In another refinement, at least one of the bracket or arm is connected to a convenient handle or push plate to move the closure system from the closed or sealed position to an open or dispense position where a container may be disposed below the manifold.
In a refinement, the cup is removable from the seal and bracket. In another refinement, the cup is disposable. In another refinement, the cup and seal are connected and are removable and/or disposable. In still another alternative refinement, the seal is disposed on the manifold or seal members are disposed on both the cup and manifold. Obviously, numerous variations are possible and will be apparent to those skilled in the art.
A closure system for a fluid outlet is also disclosed. One disclosed closure system comprises a housing comprising a pair of spaced-apart sidewalls, a pail of spaced-apart arms, and a bracket extending between and connecting the arms. Each sidewall is pivotally connected to a proximal end of one arm and each sidewall comprises a lateral slot and a curved slot. Each arm further comprises a distal end and an elongated slot disposed between the proximal and distal ends of the arm. The bracket supports a cup and a seal and is disposed between and coupled to the arms and sidewalls by a first pair of oppositely directed pins that extend outward from the bracket. Each pin of the first pair of pins extends through the lateral slot in one of the sidewalls and through the elongated slot of one of the arms. The bracket also is coupled to each sidewall by a second pair of oppositely directed pins that extend outward from the bracket. Each pin of the second pair of pins extends through the lateral slot of one of the sidewalls of and laterally between the first pair of pins and the distal ends of the arms.
The slots disposed in the sidewalls are identical or similar dimensionally and spatially and are used control the relative movement of the bracket. The lateral slots in the sidewalls curve upwardly at their forward ends. The bracket is connected to two pair of pins, or four pins in total, that ride in these lateral slots. As the second pair of pins (or front pair of pins) reaches the forward ends of their respective lateral slots, they follow the upward path of the forward ends of the slots thereby causing the bracket to move upward into a closed/sealing position.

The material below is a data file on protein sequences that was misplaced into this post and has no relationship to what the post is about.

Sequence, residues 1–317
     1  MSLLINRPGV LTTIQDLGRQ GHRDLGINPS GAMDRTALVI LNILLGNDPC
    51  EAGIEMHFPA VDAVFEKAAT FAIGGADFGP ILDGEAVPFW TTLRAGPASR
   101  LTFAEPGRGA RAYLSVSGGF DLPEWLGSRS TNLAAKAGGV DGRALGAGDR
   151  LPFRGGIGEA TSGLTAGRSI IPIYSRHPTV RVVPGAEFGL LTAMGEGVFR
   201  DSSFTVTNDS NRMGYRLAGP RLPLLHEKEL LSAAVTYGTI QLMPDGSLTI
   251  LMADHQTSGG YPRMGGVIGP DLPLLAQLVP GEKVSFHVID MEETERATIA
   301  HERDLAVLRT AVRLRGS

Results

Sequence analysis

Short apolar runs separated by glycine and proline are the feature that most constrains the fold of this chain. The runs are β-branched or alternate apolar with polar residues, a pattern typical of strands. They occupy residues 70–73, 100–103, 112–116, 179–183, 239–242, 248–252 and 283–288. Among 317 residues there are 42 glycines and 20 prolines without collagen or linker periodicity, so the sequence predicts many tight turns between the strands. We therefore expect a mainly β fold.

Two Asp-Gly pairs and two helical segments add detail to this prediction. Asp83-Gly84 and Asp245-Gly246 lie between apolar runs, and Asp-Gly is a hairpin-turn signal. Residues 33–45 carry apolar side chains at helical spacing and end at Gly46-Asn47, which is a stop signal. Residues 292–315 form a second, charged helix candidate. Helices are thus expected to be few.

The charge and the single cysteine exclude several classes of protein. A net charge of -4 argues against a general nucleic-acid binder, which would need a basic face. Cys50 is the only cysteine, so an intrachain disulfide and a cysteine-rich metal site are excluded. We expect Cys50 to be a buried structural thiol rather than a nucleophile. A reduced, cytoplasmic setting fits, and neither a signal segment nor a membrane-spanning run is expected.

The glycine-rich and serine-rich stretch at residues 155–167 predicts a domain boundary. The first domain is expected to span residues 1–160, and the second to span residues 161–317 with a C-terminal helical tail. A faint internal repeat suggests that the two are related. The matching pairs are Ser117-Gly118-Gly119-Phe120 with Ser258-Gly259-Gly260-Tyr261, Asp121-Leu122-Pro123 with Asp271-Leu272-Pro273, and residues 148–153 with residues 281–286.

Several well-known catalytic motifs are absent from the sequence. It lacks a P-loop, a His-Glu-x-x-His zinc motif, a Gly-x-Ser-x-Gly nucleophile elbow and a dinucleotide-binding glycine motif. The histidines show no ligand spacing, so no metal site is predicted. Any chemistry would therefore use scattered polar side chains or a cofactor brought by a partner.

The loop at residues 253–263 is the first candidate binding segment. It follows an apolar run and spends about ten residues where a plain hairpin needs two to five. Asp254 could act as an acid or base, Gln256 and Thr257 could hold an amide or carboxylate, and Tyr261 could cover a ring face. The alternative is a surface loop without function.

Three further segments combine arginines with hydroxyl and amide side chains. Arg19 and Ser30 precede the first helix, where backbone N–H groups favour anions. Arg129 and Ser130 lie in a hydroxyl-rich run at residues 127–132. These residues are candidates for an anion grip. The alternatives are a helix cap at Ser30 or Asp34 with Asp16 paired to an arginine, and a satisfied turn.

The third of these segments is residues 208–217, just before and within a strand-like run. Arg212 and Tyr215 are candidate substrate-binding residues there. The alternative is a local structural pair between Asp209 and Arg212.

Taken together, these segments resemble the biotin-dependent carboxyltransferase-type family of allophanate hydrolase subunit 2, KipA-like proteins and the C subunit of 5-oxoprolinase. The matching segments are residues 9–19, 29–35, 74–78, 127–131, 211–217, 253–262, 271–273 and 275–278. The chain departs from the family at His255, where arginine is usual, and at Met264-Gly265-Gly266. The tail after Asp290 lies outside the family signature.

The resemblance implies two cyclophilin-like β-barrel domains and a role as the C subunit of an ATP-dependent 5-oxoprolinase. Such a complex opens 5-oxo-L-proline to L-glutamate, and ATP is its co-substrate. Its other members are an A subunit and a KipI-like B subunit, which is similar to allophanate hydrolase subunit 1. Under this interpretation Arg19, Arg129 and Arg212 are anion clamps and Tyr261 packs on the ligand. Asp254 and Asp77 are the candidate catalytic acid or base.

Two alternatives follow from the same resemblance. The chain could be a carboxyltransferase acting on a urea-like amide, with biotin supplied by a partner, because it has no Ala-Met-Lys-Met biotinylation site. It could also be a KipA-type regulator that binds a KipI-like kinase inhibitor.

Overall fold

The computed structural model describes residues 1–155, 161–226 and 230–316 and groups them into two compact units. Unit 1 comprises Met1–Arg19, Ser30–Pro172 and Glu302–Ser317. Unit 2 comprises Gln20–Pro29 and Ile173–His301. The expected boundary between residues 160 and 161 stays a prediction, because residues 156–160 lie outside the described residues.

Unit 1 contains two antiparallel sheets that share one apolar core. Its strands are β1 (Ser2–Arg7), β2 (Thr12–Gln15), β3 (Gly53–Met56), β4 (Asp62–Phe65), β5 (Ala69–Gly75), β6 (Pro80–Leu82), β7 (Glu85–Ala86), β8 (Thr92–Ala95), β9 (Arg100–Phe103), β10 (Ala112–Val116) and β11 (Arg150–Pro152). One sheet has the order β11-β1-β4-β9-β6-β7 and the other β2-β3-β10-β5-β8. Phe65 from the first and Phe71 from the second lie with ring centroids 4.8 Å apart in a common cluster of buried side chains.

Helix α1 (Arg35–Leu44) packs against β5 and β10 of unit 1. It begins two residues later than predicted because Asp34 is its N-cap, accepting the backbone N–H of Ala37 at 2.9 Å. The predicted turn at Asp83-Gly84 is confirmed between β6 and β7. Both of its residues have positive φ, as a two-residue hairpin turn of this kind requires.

In a refinement, a pair of biasing members are provided that bias each arm and the bracket towards the closed or sealed position. In a refinement the biasing members comprise a pair of springs linking each arm to one of the sidewalls.
In another refinement, a push plate disposed between and connecting distal ends of the arms.
A disclosed method for dispensing fluid comprises: providing a closure element with a seal member below a nozzle manifold wherein the closure element provides a sealing cover below the manifold to protect the manifold and fluid contained therein from the ambient atmosphere; moving the closure element vertically downward and laterally rearward away from the nozzle; dispensing fluid from the nozzle; moving the closure element laterally forward and then vertically upward back the area beneath the nozzle; and engaging the closure element with said seal member against the manifold under force imposed by a biasing member.
Other advantages and features will be apparent from the following detailed description when read in conjunction with the attached drawings.
For a more complete understanding of the disclosed methods and apparatuses, reference should be made to the embodiment illustrated in greater detail on the accompanying drawings, wherein: